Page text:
Maximize Learning on Art Field Trips

Delaware Art Museum by -Jeffrey- on Flickr

This featured guest post is by Felicia Jackson.

Engaging students on an art field trip starts long before you get to the museum. While students will look forward to this type of field trip because they are interested in the subject, others will view it as a day off from school, and some will even view it as an uninteresting requirement they must suffer through. But with a little advanced planning you can make this a memorable educational experience for all your students.

Connecting with the art and the artist

Prior to the field trip, explain which pieces of art you will be viewing and why. If possible, show your students pictures of the art and even museum itself. It might not be as exciting as viewing pictures of Disneyland, but seeing the museum can get the students excited about where they are going. Some art exhibits move frequently or are part of a traveling show. Tracking the progression of the tour or timeline of the artwork on a map reinforces geography lessons and builds a sense of excitement about what the students will be seeing.

In the weeks leading up to the field trip, make the artist and their art real for your students. Assign a biography or watch a documentary about the artist or art style to help the students understand not only the artist, but also the era in which they produced art. In addition to a biography, assign art projects based on the art you will be seeing during your field trip. If there is any connection of the artist and your students’ hometown or state, be sure to mention it.

Bringing in multi-media

Some art, like Michelangelo’s David and the Sistine Chapel, have become cultural touchstones. Even if someone has never seen the original piece, they have probably seen it referenced in popular culture. The Simpson’s television show has been on the air for over two decades. In that time they have referenced many famous pieces of art, often in the background or as a side note to the main story. One episode, The Flying Hellfish, even builds a story around art theft during World War II.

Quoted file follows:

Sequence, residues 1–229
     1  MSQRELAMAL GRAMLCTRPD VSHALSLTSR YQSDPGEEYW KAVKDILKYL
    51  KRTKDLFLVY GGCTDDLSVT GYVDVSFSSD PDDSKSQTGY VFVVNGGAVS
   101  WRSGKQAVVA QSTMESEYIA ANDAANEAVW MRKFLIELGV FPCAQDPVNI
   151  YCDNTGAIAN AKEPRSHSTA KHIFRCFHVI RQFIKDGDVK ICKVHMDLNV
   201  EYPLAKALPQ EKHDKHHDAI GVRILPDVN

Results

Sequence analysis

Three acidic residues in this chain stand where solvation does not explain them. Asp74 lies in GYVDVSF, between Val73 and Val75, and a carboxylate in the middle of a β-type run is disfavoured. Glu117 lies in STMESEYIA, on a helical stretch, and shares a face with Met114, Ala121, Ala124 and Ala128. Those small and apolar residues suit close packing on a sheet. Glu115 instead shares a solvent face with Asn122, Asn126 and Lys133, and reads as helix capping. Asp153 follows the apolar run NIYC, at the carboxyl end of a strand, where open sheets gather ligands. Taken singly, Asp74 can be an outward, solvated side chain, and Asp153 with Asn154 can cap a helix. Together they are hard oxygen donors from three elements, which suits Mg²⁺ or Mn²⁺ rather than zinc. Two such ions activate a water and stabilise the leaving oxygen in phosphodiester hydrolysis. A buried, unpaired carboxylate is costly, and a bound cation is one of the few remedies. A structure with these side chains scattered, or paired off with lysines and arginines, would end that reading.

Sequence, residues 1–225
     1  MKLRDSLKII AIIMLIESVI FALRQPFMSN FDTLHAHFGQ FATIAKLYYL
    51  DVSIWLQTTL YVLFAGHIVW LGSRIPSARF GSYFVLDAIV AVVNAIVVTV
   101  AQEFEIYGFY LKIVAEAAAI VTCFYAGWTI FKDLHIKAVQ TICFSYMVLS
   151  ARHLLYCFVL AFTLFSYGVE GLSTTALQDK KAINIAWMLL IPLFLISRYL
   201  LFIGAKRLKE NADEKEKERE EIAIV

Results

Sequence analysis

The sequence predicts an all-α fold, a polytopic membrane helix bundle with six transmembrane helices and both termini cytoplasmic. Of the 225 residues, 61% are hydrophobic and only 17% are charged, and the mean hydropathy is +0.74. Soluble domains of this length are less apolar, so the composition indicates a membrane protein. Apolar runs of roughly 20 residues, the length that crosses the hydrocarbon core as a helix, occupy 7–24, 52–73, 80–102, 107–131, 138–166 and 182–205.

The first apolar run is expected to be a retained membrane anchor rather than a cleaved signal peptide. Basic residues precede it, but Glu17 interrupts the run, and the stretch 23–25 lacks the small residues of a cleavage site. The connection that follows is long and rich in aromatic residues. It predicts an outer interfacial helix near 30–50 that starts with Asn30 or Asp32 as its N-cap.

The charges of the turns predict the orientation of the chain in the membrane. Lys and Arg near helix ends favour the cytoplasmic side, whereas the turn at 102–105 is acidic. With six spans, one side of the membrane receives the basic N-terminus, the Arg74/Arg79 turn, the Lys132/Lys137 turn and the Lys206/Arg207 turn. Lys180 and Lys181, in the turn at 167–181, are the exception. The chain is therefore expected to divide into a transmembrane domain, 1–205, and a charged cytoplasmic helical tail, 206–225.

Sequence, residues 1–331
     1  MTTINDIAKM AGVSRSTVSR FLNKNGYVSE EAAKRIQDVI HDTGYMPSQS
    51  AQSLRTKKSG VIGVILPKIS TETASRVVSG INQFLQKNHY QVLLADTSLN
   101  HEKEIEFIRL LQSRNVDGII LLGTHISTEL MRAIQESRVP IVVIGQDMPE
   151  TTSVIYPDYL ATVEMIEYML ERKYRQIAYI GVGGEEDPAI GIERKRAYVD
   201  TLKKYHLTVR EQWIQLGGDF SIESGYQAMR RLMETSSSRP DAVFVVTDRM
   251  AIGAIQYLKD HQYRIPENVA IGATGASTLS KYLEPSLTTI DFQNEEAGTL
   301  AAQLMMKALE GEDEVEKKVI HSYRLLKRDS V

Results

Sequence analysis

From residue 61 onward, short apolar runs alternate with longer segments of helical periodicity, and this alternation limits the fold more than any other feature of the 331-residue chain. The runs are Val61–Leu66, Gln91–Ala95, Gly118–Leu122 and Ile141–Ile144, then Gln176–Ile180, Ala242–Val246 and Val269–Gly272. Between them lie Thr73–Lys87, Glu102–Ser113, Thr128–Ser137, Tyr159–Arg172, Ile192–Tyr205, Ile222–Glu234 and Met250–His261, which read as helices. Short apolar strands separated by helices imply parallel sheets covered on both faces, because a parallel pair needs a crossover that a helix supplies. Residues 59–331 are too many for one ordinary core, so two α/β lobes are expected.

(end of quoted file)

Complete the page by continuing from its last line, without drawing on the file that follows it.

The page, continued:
Brainpop is a website and phone app that produces short, accessible, high quality animated videos on a variety of topics including art concepts as well as artists. You can use Brainpop to quickly introduce students to art concepts and then go into more detail as your students develop their own art projects.

The Day of the field trip

On the day of the art field trip be prepared to answer questions and share tidbits of trivia to keep your students engaged. Some students may want to rush through the museum, moving from room to room without really looking at the art available. Since many museums have benches for visitors to use, ask your students to sit on a bench and look at one piece of art with you. Help your students notice the colors, the subjects, or the brushstrokes in a way they haven’t seen before. If you are viewing art that is hundreds of years old, you might mention the time and effort it took to collect the pigments for paints, how the paint was made, how the canvas and brushes were made, or how the artwork has been preserved over the years.

Felicia Jackson is a teacher and guest author at Master of Education, where she contributed to the guide to the Top 10 Best Online Master of Education Degree Programs.

Image by -Jeffrey- on flickr, used under the Creative Commons License.

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